5 ways 'distributed trust' is changing brand loyalty

In a world where trust is being distributed in new kinds of ways, and with technological innovation continuing to empower customers to expect more from the companies they deal with, switch brands when they're not happy, and share their experiences online, companies must ensure they match up to customers' expectations of a superior experience if they want to stay competitive.

"People are saying they don't trust politicians or journalists, but they will get in a car with a total stranger on Uber, or they'll rent their home on Airbnb. Trust use to flow upwards to experts and authority - now it's flowing sideways to strangers, peers, and neighbors." -- Rachel Botsman

Getting customers to stick around for the long haul is harder than it's ever been. An enormous 76 percent of customers report that it's easier than ever to take their business elsewhere.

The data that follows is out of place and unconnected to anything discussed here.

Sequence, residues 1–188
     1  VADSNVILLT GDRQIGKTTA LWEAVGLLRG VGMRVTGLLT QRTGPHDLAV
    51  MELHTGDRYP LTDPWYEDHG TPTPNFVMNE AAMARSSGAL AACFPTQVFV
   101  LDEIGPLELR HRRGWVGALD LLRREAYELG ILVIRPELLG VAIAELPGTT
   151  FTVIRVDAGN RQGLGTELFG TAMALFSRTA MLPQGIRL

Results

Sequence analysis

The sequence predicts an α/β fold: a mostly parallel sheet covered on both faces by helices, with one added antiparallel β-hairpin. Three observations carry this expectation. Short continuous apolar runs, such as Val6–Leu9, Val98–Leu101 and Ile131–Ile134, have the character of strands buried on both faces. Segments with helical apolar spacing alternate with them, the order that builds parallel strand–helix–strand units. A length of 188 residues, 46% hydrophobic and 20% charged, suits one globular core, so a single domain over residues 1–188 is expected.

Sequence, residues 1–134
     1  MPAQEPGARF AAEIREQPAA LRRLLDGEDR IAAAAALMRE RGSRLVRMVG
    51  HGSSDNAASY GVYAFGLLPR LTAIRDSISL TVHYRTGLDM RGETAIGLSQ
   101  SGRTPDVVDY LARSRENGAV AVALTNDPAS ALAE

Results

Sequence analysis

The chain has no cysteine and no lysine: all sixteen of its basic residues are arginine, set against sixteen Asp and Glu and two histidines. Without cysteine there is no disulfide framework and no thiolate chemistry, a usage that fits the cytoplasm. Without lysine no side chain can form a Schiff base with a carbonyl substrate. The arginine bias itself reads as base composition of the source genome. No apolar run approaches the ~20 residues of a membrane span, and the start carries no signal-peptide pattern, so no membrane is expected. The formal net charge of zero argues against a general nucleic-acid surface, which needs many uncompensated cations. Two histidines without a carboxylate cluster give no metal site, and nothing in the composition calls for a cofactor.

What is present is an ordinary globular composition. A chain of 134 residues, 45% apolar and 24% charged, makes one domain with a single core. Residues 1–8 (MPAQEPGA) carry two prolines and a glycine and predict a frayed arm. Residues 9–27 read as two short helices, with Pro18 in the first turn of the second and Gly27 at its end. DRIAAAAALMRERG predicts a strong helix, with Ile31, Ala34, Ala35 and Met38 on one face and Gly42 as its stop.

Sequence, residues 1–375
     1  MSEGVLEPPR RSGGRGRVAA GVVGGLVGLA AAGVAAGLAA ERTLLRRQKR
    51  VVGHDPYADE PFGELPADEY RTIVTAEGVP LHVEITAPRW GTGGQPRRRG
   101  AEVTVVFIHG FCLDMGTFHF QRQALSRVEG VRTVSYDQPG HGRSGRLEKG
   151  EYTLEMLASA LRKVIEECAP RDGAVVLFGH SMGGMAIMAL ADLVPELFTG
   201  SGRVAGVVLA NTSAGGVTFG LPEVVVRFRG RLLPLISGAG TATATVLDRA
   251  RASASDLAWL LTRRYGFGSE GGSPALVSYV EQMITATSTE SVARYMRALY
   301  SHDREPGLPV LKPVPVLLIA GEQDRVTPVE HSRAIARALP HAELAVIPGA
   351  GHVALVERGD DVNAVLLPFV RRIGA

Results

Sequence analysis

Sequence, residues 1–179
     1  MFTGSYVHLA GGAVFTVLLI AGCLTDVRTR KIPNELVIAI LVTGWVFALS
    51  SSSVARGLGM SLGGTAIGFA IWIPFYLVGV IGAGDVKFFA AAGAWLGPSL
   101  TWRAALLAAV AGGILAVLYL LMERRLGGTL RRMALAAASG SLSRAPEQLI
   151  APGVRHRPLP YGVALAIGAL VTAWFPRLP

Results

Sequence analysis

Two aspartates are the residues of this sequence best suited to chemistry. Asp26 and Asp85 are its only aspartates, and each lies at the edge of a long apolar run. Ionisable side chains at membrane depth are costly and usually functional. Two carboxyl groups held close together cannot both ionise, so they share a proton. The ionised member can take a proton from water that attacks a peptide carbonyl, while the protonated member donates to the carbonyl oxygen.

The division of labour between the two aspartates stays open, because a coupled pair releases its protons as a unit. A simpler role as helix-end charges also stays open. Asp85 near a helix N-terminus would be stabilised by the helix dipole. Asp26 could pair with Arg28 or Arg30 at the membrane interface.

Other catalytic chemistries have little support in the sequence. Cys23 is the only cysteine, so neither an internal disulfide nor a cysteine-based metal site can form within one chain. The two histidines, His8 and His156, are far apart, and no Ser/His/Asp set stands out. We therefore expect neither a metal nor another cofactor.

Also: If being customer first is so important, why don't companies do it?

But that doesn't mean that brand loyalty is becoming a thing of the past. Rather, the way successful companies engender brand loyalty is changing rapidly and irrevocably in the Fourth Industrial Revolution.

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Between 2003 and 2013, MARKABLES data (chart above) shows that the value investors put on customer relationships doubled. Research also shows that 80 percent of customers now say that the experience a company provides is as important as its products and services, and thus is central to brand survival. In short, building customer relationship value is rapidly becoming the key driver of brand strength and a vital part of engendering customer loyalty and trust.

Also: What Overstock.com learns about its customers from decades of data

The challenge for businesses, however, is that building customer relationship value is getting more and more difficult, thanks to two main driving forces: Trust is falling, and technology is continually raising customer expectations about what constitutes a superior experience.